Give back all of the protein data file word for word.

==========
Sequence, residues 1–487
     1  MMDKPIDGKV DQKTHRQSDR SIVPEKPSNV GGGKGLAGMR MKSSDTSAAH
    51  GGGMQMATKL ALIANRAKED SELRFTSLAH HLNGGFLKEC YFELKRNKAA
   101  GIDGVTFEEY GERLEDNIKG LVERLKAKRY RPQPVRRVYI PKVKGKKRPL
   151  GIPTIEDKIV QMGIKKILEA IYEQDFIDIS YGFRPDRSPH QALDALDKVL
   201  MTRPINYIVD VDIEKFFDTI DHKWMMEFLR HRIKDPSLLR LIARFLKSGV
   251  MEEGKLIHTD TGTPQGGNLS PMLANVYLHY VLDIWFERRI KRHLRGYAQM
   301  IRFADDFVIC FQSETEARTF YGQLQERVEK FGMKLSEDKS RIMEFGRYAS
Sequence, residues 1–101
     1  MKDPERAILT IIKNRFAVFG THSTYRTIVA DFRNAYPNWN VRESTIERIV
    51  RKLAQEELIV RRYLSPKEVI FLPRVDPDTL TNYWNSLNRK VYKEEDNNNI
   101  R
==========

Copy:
Sequence, residues 1–487
     1  MMDKPIDGKV DQKTHRQSDR SIVPEKPSNV GGGKGLAGMR MKSSDTSAAH
    51  GGGMQMATKL ALIANRAKED SELRFTSLAH HLNGGFLKEC YFELKRNKAA
   101  GIDGVTFEEY GERLEDNIKG LVERLKAKRY RPQPVRRVYI PKVKGKKRPL
   151  GIPTIEDKIV QMGIKKILEA IYEQDFIDIS YGFRPDRSPH QALDALDKVL
   201  MTRPINYIVD VDIEKFFDTI DHKWMMEFLR HRIKDPSLLR LIARFLKSGV
   251  MEEGKLIHTD TGTPQGGNLS PMLANVYLHY VLDIWFERRI KRHLRGYAQM
   301  IRFADDFVIC FQSETEARTF YGQLQERVEK FGMKLSEDKS RIMEFGRYAS
Sequence, residues 1–101
     1  MKDPERAILT IIKNRFAVFG THSTYRTIVA DFRNAYPNWN VRESTIERIV
    51  RKLAQEELIV RRYLSPKEVI FLPRVDPDTL TNYWNSLNRK VYKEEDNNNI
   101  R